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Jesse's gospel truth 


There are no clergymen in Jesse Carter's family. His nickname, The Reverend, started as a friend's joke. He professes no particular love of organized religion.

Nor does he look like a preacher. As he takes the stage of Stardust Video & Coffee to host a recent edition of the Wednesday "Discontinuum" open-mike night, Carter wears a striped sweatshirt and displays an upper-lip growth that almost qualifies as a mustache.

After a year that's seen him graduate from a Stardust patron to an occasional participant in the poetry-and-music night to its emcee, the orator is on a clear trajectory to become the most trusted pastor on the spoken-word scene.

Carter's theatrical drawl carries across the room with the power of a radio evangelist; it's the perfect conduit for his odes to spiritual awakening. Words like "sublimination" and "unrelenting" buttress his grand, mystical references to the natural world and Florida society. Though his meaning is often elusive, his fervency is never in doubt. His shoulders rise and fall as a current of emotion races through his body.

"That feeling comes out from trying to move people," the 23-year-old Carter says of his passion plays. "So many people are just doing therapy for themselves when they write, and getting up and forcing people to share it. Focusing on your own troubles just doesn't seem wholesome or kosher."

Raised in North Dakota and North Carolina, Carter moved to Orlando in 1999. He had never entertained fantasies of poetic stardom; instead, he was inspired to pick up the mike by his immersion in a new community -- "being impressed by people and seeing the potential in them," as he puts it.

There's no mistaking his beneficence when he welcomes newcomers to Stardust with the promise of "snacks for your belly and comfy seating." He refers to the venue's P.A. system as "the apparatus," knowing that exaggerated techno-fear begets instant confidence.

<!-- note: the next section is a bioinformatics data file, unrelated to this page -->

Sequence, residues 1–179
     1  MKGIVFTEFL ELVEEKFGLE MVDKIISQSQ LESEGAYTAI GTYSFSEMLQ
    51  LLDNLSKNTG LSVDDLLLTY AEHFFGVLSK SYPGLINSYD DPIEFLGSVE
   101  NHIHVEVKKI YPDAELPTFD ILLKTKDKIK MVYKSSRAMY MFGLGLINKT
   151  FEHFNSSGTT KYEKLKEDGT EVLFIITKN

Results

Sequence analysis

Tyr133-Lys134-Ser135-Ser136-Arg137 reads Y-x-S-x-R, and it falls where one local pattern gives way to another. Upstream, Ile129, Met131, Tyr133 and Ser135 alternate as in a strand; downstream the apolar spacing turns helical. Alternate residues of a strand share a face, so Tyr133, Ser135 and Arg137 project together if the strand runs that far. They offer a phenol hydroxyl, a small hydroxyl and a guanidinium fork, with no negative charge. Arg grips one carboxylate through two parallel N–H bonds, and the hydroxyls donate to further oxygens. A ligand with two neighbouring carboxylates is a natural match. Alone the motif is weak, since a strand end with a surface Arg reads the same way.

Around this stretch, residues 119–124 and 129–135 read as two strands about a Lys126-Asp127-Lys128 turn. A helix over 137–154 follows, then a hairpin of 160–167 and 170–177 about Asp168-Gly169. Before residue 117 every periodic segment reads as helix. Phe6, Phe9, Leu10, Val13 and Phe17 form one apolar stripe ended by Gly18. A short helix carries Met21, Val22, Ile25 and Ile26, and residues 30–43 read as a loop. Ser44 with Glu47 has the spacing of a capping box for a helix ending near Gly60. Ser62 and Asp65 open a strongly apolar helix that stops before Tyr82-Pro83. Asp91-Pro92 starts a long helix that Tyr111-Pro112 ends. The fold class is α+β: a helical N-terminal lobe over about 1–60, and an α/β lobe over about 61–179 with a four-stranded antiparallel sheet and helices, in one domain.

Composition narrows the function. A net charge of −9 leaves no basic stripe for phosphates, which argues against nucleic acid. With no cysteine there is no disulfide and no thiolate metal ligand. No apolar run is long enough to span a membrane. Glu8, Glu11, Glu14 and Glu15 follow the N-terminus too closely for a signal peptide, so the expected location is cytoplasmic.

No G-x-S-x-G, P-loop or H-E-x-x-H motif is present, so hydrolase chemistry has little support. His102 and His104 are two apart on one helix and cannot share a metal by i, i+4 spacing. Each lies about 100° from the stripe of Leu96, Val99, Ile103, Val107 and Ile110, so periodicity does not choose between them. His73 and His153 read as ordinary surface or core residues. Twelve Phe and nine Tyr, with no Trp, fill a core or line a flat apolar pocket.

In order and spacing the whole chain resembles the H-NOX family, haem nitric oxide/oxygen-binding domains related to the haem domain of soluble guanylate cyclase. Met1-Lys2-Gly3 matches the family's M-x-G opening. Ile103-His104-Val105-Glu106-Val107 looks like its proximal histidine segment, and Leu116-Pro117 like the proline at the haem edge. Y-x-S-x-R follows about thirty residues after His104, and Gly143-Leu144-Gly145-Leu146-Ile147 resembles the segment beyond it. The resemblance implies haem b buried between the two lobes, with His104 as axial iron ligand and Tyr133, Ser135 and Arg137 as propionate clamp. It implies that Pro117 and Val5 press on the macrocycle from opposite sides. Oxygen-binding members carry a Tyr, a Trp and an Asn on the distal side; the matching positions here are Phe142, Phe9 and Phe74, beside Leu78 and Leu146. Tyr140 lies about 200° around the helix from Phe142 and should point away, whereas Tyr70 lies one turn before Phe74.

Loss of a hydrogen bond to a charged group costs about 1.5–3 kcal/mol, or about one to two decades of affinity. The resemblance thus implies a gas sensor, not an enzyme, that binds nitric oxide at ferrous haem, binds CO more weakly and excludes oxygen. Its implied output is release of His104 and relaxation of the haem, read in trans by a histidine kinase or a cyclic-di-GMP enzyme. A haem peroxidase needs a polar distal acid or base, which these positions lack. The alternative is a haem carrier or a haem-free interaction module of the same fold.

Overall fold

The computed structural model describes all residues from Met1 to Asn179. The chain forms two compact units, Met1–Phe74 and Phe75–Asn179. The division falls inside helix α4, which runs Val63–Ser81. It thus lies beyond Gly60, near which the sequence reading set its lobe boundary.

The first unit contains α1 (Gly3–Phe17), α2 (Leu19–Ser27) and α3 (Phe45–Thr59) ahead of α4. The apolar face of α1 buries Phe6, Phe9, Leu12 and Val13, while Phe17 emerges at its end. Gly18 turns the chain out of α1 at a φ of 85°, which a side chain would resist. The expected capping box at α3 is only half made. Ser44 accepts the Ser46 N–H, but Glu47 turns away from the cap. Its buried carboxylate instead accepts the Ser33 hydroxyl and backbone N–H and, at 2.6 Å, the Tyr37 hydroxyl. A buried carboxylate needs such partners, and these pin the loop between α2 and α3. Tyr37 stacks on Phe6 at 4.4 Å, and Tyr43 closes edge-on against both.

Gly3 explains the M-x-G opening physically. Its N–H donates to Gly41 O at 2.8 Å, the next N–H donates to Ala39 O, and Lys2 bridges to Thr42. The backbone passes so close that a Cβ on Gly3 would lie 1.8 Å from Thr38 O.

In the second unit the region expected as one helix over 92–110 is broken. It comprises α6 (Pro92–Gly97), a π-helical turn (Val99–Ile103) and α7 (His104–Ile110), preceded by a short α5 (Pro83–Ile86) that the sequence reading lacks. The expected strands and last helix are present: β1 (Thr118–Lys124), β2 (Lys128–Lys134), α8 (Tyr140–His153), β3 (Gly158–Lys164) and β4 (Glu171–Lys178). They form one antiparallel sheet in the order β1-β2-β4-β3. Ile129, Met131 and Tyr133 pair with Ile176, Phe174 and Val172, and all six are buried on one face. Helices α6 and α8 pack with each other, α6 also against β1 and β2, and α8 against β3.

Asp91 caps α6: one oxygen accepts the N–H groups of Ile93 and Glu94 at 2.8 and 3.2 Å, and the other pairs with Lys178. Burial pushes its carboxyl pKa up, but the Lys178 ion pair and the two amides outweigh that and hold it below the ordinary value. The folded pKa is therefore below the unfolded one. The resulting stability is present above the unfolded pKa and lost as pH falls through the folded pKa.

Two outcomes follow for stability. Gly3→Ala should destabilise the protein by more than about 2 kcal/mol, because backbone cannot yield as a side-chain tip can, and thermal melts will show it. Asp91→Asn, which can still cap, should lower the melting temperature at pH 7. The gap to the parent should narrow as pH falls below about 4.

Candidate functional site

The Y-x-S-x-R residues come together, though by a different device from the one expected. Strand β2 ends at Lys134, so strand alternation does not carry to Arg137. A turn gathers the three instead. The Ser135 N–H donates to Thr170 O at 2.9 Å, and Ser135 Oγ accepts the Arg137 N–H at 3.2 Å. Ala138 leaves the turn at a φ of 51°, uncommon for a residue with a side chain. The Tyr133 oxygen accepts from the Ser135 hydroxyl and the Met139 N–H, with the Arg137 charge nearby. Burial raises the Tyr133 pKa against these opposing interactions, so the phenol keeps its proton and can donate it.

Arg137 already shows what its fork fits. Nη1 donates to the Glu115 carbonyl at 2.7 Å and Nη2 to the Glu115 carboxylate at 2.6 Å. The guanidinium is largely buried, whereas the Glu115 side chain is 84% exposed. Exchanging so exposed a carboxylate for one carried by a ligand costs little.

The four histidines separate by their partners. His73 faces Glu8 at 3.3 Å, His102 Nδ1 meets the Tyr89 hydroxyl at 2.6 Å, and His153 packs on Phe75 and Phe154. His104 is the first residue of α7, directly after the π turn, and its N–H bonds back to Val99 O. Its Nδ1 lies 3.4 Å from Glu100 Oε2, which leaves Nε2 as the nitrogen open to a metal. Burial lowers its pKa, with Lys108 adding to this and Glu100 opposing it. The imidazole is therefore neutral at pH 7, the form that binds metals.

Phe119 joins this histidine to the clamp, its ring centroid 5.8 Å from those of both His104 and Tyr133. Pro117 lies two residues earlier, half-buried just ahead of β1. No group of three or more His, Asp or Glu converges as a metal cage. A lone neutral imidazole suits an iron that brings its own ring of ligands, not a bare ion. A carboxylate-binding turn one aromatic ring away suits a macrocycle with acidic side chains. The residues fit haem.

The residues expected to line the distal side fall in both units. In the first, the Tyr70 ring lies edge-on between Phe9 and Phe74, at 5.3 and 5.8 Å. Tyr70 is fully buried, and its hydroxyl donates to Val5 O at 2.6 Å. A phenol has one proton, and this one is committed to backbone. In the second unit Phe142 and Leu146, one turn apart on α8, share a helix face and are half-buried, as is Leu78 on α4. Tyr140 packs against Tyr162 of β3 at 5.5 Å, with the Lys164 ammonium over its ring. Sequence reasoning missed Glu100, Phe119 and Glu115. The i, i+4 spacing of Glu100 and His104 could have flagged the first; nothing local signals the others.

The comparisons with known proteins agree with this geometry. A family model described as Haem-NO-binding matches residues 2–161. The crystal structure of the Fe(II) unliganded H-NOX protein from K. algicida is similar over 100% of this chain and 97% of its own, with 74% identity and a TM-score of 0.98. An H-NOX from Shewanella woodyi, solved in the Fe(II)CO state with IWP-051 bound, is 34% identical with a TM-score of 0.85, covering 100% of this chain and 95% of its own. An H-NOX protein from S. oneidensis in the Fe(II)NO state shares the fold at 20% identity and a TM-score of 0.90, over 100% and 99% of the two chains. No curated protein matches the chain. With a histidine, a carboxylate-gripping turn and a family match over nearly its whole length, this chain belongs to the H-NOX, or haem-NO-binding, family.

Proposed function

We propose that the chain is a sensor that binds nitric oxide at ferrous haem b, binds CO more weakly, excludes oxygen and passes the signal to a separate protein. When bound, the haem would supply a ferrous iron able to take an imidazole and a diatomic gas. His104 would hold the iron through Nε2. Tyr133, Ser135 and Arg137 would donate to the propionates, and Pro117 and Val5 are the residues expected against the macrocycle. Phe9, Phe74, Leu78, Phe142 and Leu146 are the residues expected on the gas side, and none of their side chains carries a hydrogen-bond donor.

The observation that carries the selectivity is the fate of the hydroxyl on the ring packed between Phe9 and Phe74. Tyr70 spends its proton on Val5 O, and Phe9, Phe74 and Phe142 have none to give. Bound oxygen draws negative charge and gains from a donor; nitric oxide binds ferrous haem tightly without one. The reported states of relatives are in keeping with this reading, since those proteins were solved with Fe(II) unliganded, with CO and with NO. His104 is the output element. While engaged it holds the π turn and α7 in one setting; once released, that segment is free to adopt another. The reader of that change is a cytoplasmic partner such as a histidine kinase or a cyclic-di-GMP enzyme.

In between poems and mock sermons, Carter offers up impromptu Negro spirituals (humorous, not insulting), sometimes accompanying himself on guitar. There's less time for such indulgences now, with a dependable Wednesday turnout of participants leaving room only for "little doses" of his own medicine show. (For more information, call Stardust at 407-623-3393.)

As a supplement, he'll appear at Performance Space Orlando Thursday and Friday in a showcase that will augment his readings with music, film and digital video. It's a thrilling but slightly scary step for a born performer who is nonetheless wary of idolization. He recently took a job as a burrito maker to "humble himself," Carter says.

"Dear God," one of his meekest, most revelatory pieces inquires, "I like you. Do you like me? Yes/No? Check one." Even the faithless can tell which answer would be just.


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